Although I am actively involved in the ongoing pursuit of the genetic determinants of cancer risk along with my colleagues, I daily feel that my time and effort to improve public health would be better spent in an elementary school classroom with a clear and simple message on tobacco use, sun protection, physical activity, and energy balance. In my opinion, we should be cautious in communicating our expectations of genetics to explain disease risk and its ultimate public health impact. We should be globally diligent in engaging national leaders to continue to direct resource and policy change to community leaders, planners, and educators to deliver broadly acting societal support for healthy lifestyles and choices; a strategy derived from the tobacco control policies with proven value (13, 14).
Wrote Patricia Thompson in 2007 in her honest and candid article on why hunting down bits and pieces of our genetics is not really going to do much to cure cancer.
But did anyone listen? I don't know.
Its easier to believe that eventually someone will come up with a magic test to pre-detect cancer 10 years before it occurs. It will probably be sold along with a magic pill which will silence all our (still to be found) cancer-causing defective genes. Oh right, and let's not forget about the super-crazy-awesomeness of aspirin and Vitamin D. You can forestall all the cancers in the world or maybe even prevent them completely. Who cares about the eminent aspirin induced holes in your stomach and intestines and the insoluble Vitamin D deposits in your kidneys.
Doesn't that sound awesome?
Optimism is well and good but there is now enough body of evidence that it might be misplaced. Sometimes, we just need to wake up and look at ourselves, the crappy eating habits, lack of personal involvement in food preparation, the impossibility of calorie-control and portion-sizing while eating out, smoking and drinking, physical inactivity, incessant harmful energy imbalance along with a heavier reliance on animal-based protein, reliance on pre-processed everything and the deep underlying lack of motivation and sometimes, resistance against any kind of behaviour change.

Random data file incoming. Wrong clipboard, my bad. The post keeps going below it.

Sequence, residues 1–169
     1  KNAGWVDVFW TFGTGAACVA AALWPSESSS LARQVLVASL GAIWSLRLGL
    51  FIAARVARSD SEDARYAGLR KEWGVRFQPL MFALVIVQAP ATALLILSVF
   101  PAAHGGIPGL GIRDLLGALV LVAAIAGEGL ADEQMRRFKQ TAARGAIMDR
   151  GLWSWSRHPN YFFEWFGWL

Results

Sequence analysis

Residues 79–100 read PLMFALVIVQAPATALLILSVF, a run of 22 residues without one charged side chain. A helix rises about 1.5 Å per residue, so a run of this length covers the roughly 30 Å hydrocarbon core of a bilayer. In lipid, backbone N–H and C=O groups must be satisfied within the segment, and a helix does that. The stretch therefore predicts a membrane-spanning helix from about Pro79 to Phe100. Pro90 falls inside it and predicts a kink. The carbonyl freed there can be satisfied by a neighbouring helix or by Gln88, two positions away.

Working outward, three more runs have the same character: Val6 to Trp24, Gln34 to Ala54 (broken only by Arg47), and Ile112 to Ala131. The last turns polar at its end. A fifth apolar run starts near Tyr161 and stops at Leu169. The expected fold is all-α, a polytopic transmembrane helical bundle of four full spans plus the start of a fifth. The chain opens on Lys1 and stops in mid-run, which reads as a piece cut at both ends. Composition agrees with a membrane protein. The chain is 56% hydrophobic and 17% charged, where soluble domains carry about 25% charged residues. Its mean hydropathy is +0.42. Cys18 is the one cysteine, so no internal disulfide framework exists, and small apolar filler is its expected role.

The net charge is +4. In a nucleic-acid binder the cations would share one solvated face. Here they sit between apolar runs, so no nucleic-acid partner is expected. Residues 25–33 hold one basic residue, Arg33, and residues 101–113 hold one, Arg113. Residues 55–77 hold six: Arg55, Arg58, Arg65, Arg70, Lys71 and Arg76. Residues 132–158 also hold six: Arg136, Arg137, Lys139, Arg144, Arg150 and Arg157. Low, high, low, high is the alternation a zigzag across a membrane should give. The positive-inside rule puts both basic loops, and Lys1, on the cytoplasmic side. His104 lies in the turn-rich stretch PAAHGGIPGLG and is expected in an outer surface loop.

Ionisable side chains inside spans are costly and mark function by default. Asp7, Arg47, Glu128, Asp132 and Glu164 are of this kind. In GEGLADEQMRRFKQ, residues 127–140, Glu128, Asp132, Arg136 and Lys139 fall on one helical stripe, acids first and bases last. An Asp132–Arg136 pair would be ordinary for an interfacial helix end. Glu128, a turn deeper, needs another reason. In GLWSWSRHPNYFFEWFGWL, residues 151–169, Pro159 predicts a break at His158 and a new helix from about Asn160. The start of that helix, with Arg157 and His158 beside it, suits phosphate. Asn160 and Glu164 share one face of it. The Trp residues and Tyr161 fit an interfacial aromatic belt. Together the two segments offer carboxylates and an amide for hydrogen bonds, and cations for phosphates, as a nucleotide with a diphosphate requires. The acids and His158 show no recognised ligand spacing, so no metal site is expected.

We want hard, incontrovertible, randomized-control-trial-level replicable proof that our absolutely awful habits are causing damage. We will keep pointing at that one old woman who chain-smoked for 90+ years and didn't end up with lung cancer to defend our habits. We will keep hoping that we will be that one old woman and not the zillion others who did end up getting sick. Heck, after a million papers have linked the tiniest amount of alcohol to all disease imaginable and pointed out its role as a powerful carcinogen, we still get on the high road about moderation and grasp at the red-wine-is-good-for-cardiovascular-health farce while wilfully discarding the cold fact that fresh fruit sources bring as many benefits, if not more. We also cite helplessness, bring out our social crutches, blame our environments and even blame the government and the scientific establishment for the odious habits we choose to hang on to and the food that we choose to eat everyday. In other words, we are in denial.
And that's the message that the establishment of cancer research wants to publish in clear unambiguous, simple terms. A pity it doesn't quite get round to it because someone just found yet another string of small gene variants that could possibly have a 0.000000000000000000000001% effect on cancer risk in a group of 10 people belonging to some esoteric ethnic group that lives deep in the suburbs of Detroit in a subgroup analyses of a study on 10, 000 people.